Cancer cases related to the human papillomavirus (HPV) have been heading in the wrong direction, while far too few teenagers in Texas are protected with a simple two-dose vaccine that is proving remarkably successful at preventing those cancers.
About 39,000 cases of HPV-related cancers occurred yearly from 2008 to 2012, the U.S. Centers for Disease Control and Prevention reports, compared with 33,500 a year during the five years before.
The recent International HPV Awareness Day reminds parents to have a frank discussion about HPV, a disease responsible for most cervical cancers. It is not just a women’s concern, though. HPV also causes cancers of the throat, penis and anus in men as well as women. Every 20 minutes, someone in the United States is diagnosed with an HPV-related cancer.
Yet HPV vaccination rates are poor nationwide and especially in Texas. The vaccine is ideally given from ages 11 to 13, but only about 60 percent of U.S. teens have received at least one dose. In Texas, the number was only 49 percent. Only four states did worse. And the numbers for teens who are fully vaccinated are substantially lower.
Let’s address the main questions parents tend to have about HPV vaccination.
Does it work well?
The HPV vaccine underwent many years of testing showing that it safely prevented the strains of HPV that were most likely to cause cancer.
Recent research from Finland found that none of the women in the study who received the HPV vaccine 15 years ago have developed any of the related cancers. A 2016 study in New Mexico found that the incidence of precancerous lesions related to HPV fell by more than half among teenage girls from 2007 to 2014.
Much of the extraordinary success is attributed to herd immunity. When substantial numbers of both adolescent boys and girls are vaccinated, they cannot pass the virus on to others.
The vaccine appears so effective that, according to a study last November, vaccinated women might need only three Pap smears in their lifetimes.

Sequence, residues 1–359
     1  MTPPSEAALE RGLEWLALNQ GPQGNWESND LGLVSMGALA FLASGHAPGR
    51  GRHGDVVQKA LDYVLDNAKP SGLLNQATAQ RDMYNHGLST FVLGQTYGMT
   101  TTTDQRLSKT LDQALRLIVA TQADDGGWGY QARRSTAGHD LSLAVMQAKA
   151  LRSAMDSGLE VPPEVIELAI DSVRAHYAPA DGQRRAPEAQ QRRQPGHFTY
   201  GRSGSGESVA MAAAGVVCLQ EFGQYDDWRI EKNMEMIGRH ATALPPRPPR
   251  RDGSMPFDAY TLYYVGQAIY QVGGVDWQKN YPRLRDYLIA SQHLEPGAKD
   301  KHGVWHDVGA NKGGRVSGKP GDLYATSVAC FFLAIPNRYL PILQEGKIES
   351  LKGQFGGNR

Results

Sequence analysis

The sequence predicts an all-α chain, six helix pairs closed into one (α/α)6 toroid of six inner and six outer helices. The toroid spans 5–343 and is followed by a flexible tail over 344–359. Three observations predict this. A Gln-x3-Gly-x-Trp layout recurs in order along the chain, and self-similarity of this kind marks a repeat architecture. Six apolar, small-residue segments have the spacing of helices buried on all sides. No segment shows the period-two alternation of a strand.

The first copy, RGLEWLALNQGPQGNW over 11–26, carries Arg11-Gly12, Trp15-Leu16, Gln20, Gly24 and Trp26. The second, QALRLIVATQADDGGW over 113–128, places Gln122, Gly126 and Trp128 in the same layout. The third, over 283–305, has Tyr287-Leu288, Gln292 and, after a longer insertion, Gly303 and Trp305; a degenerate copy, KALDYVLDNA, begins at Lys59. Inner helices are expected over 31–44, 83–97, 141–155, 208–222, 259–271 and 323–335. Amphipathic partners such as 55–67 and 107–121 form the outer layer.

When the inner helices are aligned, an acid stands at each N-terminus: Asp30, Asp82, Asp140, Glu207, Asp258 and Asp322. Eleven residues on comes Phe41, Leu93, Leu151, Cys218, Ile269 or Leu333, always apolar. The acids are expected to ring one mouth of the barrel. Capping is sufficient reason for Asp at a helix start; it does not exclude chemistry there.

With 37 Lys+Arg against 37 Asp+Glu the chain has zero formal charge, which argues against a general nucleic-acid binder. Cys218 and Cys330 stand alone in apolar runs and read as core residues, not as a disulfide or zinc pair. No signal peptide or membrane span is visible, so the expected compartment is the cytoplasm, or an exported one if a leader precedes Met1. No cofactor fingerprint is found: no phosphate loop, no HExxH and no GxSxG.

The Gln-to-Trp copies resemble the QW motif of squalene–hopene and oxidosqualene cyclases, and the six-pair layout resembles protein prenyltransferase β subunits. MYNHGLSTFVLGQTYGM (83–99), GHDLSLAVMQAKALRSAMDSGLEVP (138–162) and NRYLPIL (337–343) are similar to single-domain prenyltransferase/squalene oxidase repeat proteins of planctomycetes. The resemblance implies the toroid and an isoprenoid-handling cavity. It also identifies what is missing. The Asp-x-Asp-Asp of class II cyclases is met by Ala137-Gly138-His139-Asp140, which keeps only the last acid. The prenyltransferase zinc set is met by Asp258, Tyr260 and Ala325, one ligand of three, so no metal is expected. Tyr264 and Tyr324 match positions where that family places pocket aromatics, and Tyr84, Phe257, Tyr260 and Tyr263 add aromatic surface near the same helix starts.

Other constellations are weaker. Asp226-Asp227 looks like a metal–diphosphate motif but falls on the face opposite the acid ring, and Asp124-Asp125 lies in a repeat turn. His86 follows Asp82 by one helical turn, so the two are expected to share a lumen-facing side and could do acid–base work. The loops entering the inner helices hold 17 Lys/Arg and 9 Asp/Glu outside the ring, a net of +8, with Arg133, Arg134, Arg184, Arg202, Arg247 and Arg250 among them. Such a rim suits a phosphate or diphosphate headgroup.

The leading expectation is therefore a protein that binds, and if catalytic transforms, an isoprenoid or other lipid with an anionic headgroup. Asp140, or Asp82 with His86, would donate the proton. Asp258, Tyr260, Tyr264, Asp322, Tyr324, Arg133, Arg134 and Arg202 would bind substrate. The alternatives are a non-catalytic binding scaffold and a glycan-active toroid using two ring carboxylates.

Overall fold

Is it safe?
According to the CDC, the number of problems experienced after the HPV vaccine have been minuscule. Ten million doses of the most recent HPV vaccine have been distributed, the CDC reported, and of those millions, there were 1,447 reports of minor problems afterward. That equates to slightly more than one possible side effect for every 10,000 doses.
Does it lead to risky behavior?
HPV is a sexually transmitted infection — the most common one. That makes it hard for many parents to accept the idea of a vaccine, lest it sent a message that parents think sexual activity is OK for their teens.
They need not worry. A 2012 study in the journal Pediatrics found that teens who had the HPV vaccine were no more likely to engage in sexual activity than those who hadn’t been vaccinated. How was this determined? They combed medical records, looking for signs such as whether teens had sought contraceptive counseling or STD testing. Vaccinated teens’ records were no more likely to contain signs of sexual activity.
Most people are exposed to HPV by the time they are in their mid 20s. Vaccination long before they are exposed ensures that they will be protected. The real message: No matter what, parents should want to protect their teens from a terrible disease with a safe and effective vaccine.